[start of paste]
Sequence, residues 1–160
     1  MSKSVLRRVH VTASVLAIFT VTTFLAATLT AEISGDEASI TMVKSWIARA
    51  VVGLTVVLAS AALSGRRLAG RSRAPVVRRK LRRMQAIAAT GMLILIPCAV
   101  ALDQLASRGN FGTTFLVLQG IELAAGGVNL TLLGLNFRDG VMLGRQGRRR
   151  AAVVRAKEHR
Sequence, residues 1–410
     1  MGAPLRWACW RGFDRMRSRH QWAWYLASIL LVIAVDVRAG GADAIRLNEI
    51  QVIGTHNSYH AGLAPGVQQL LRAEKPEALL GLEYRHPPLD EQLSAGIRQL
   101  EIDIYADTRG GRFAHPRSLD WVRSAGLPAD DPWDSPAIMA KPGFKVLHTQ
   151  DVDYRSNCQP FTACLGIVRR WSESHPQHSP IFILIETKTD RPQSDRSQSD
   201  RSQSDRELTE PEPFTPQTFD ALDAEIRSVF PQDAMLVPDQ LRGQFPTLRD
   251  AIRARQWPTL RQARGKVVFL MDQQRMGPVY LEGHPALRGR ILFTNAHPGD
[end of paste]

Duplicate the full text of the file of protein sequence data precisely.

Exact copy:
Sequence, residues 1–160
     1  MSKSVLRRVH VTASVLAIFT VTTFLAATLT AEISGDEASI TMVKSWIARA
    51  VVGLTVVLAS AALSGRRLAG RSRAPVVRRK LRRMQAIAAT GMLILIPCAV
   101  ALDQLASRGN FGTTFLVLQG IELAAGGVNL TLLGLNFRDG VMLGRQGRRR
   151  AAVVRAKEHR
Sequence, residues 1–410
     1  MGAPLRWACW RGFDRMRSRH QWAWYLASIL LVIAVDVRAG GADAIRLNEI
    51  QVIGTHNSYH AGLAPGVQQL LRAEKPEALL GLEYRHPPLD EQLSAGIRQL
   101  EIDIYADTRG GRFAHPRSLD WVRSAGLPAD DPWDSPAIMA KPGFKVLHTQ
   151  DVDYRSNCQP FTACLGIVRR WSESHPQHSP IFILIETKTD RPQSDRSQSD
   201  RSQSDRELTE PEPFTPQTFD ALDAEIRSVF PQDAMLVPDQ LRGQFPTLRD
   251  AIRARQWPTL RQARGKVVFL MDQQRMGPVY LEGHPALRGR ILFTNAHPGD